Six people have recently been charged in St. Louis County with a felony crime that is rarely seen on a Northeastern Minnesota court docket: "Voting while ineligible."
It's a felony punishable by a maximum sentence of five years in prison and a $10,000 fine, but a conviction most likely will result in a probationary sentence.
Under Minnesota law, a person is ineligible to vote if their civil rights had not been restored after being convicted of treason, or any felony, or while under a guardianship in which a court order revoked the ward's right to vote, or if found by a court of law to be legally incompetent.
All six of the people charged -- four at the St. Louis County District Court in Duluth and two at the St. Louis County District Court in Hibbing -- are accused of being convicted felons when they allegedly voted in the November 2008 general election.
"We discovered these cases left over from the previous administration,'' St. Louis County Attorney Mark Rubin said. "We've tried to address the backlog. We reviewed them all and charged those that were deemed to have probable cause to charge."
Antonio Vassel Brown, 48, is being transported from the Minnesota Correctional Facility in Lino Lakes, where he's serving a 24-month sentence for the sale of crack, to make his initial appearance on the ineligible voter charge in Duluth on Aug. 30.
St. Louis County Auditor election department records show that Brown voted in the November 2008 general election. According to the criminal complaint against him, Brown has been convicted of multiple felonies in multiple states. He told an investigator that his probation officer told him that he could vote because "no one checks up on it.'' The probation officer was interviewed by police and said that he never told Brown such a thing. He said he typically tells probationers about their loss of such civil rights.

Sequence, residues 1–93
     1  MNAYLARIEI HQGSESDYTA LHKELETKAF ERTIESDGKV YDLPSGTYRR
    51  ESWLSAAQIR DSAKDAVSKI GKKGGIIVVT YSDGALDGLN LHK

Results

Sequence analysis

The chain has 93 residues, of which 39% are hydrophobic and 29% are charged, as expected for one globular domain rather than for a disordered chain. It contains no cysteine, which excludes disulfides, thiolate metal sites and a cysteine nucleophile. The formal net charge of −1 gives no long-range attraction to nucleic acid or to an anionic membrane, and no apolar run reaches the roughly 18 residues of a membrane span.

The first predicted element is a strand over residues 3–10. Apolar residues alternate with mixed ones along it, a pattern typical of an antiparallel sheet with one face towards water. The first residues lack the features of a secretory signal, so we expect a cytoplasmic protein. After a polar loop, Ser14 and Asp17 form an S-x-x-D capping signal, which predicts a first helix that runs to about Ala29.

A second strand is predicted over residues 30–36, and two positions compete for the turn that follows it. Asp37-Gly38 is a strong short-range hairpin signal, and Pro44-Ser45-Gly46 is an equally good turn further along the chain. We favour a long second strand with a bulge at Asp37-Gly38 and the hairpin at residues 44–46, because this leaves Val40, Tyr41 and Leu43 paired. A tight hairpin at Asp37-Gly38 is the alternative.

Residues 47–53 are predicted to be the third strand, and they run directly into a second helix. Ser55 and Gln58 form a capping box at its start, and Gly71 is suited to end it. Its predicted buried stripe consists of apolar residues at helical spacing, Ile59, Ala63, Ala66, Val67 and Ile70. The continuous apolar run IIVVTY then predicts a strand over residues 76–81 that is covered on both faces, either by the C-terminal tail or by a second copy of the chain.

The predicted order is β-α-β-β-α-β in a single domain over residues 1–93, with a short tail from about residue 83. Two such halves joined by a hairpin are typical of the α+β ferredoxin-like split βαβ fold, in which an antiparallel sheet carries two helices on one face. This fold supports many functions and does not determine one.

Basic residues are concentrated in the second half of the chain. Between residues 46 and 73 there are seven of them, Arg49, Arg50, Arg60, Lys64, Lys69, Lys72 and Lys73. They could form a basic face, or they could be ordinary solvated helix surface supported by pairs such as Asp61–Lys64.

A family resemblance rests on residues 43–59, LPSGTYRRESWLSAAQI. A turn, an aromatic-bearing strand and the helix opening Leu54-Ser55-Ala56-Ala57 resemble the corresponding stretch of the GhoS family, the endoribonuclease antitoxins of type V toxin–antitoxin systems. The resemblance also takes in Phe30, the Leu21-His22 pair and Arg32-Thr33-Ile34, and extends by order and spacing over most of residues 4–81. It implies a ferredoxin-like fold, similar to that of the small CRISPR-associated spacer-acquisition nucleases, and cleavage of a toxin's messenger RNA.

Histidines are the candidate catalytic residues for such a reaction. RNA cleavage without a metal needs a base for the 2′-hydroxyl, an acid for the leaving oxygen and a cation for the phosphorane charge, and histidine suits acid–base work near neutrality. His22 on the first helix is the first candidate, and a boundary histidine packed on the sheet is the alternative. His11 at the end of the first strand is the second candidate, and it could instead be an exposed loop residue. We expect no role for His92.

Lisa May Burleson, 34, of Hibbing, is accused of voting after pleading guilty to felony theft in 2006. She was placed on five years probation. According to the criminal complaint, Burleson told a Hibbing police officer that she had no idea that she could not vote and did not remember reading the probation agreement stating that she would lose her civil right to vote while on felony probation.
Kay Arola, executive director and chief probation officer of Arrowhead Regional Corrections, said that when probationers who have committed felonies are given their conditions of probation they also are advised of losing their right to vote and the other civil rights they give up -- such as possessing a firearm.
Fred Friedman, Northeastern Minnesota's chief public defender, said he believes probation officers inform probationers of the civil rights they've lost, and probation officers also inform the court when the probation is over and the right to vote is restored.
"People get into trouble voting before their civil rights are restored when they think they are not in jail and 'I get to vote.' But their probation has to be over and I believe probation tells them this," he said.
Murdock Francis McLeod Jr., 22, Alfreda Denise Bowman, 46, and Lavern Antoinette Bowman, 40, all of Duluth, and Adam Charles Bromander, 31, of Richfield, Minn., also are charged with voting while ineligible.